Sunday, November 4, 2007

On Justice and Violence

A post by Tom Vollmer:

Is violence always wrong?I find this whole ethical interpretation rather interesting, especially in relationship to justice. For Levinas punishing a person should be done without degrading (19). He then makes this statement, "Admittedly, there is violence. But it is an act without a spirit of violence, contempt or hatred" (20). How does one keep the spirit of violence in check? It seems that the rabbis and Levinas predicate it upon the word "brother" and thus place it in a mediatorial type of role whereby the best interest of the person, though being punished, is still considered. He then speaks of justice becoming compassion, and places it into the divine realm. "God speaks with a compassion that is born in the severity of the tribunal" (20). Thus, God in some respects partners with human tribunals to make an ethically minded society, which at times, necessitates the use of force/violence against others to bring justice. I know it is a precarious line to take, but how does one use violence for justice, or should violence be used in the modern world, and if it is plausible to dispense justice with violence behind it, can an Old Testament ethic be applied to justify its use? Of course, he develops this much further, but one last point of inquiry: Levinas speaks of evil on p. 21 and the need to triumph over it. I found this statement fundamental to his reasoning, "And the rabbis gloss 'thousands' as at least two thousand! For at least two thousand generations steadfast love granted to merit is handed down; for four generations iniquity cries out for justice: compassion is thus five hundred times greater than divine severity. Behind this arithmetic of mercy there is moral optimism: the triumph of evil has one time only; nothing is ever lost from the triumph won over evil or from good." In the end, then, I only have more questions, but will end with this- how does one triumph over evil?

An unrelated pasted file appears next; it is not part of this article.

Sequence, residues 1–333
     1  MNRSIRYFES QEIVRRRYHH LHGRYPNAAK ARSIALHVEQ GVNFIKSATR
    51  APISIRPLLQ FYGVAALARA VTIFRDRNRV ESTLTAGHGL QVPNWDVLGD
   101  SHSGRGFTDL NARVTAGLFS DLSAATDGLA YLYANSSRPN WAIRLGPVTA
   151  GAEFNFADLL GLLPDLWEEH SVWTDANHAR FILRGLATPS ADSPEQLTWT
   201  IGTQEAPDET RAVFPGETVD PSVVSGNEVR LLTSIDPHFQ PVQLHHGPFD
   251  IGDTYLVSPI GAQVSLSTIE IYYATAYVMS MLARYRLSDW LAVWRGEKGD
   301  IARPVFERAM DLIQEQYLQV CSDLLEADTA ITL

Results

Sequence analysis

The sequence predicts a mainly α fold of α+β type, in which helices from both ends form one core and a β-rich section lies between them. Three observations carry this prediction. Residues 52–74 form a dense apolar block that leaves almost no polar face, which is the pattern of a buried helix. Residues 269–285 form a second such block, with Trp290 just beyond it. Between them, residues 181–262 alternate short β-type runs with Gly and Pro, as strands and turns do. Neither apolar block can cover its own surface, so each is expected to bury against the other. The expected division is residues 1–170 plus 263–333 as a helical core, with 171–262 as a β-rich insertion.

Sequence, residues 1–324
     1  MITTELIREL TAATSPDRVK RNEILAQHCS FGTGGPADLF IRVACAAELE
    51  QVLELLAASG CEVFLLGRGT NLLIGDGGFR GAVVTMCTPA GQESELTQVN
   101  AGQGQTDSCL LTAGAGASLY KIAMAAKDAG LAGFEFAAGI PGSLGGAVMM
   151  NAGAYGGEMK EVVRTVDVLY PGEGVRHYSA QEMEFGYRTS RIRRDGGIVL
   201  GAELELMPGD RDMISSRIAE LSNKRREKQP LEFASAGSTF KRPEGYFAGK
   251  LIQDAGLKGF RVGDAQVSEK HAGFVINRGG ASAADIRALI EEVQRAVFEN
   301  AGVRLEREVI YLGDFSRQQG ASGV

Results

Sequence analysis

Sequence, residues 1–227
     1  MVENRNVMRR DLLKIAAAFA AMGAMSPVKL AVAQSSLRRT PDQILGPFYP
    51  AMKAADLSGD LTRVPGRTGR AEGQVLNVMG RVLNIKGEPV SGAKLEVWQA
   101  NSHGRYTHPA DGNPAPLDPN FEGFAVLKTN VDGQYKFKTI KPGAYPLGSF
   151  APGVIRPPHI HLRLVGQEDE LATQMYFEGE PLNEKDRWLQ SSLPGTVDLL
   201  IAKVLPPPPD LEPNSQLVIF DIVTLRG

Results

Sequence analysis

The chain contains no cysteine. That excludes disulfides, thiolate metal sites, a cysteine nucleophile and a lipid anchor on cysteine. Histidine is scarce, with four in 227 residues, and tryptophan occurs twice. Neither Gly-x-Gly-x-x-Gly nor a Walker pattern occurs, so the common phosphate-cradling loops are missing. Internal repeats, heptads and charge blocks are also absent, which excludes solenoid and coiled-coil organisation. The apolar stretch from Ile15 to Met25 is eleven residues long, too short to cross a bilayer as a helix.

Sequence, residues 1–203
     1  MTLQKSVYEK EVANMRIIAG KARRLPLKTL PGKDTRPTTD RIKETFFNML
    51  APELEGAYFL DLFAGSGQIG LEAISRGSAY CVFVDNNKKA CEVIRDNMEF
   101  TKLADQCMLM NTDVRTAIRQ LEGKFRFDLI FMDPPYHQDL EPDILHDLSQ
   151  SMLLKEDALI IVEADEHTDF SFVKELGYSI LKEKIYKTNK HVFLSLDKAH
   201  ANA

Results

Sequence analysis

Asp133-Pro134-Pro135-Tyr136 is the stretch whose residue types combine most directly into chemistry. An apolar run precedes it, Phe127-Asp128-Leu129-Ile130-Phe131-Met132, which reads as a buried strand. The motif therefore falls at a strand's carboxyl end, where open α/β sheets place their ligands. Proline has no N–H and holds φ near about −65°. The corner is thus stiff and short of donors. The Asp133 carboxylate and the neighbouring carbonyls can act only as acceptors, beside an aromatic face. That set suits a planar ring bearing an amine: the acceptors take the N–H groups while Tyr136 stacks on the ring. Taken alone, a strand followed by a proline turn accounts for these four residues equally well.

1. Interesting analogy. Evil can never triumph over good. Evil only makes that which is good shine more brightly. "Though I walk through the valley of the shadow of death Thou are with me." Although death is not evil it is a good contrast to life and life is what we all consider as good. As life is so contrast to death so is good contrast to evil.To conquer evil is to be good.

  2. Tami,

    Thanks for the comment. Just to put this post in context, this blog is the work of doctoral students primarily in biblical studies at the University of Leuven. The post from me is taken from a doctoral seminar on biblical hermeneutics where the work of Emmanuel Levinas was read and reacted upon. Thus, the post was a beginning point for further posts from the doctoral students to come. Apologies for the reference to page numbers and sources that are not listed, but they were framed within the seminar. This post was taken directly from a short comment I wrote in discussions from the seminar.

    I agree with you that to conquer evil is to be good. The question for me is how that is accomplished from a societal or personal view? It also brings up a question for me; namely, how do we define good and evil? Is there an overall ethic that determines good?


Related Posts Plugin for WordPress, Blogger...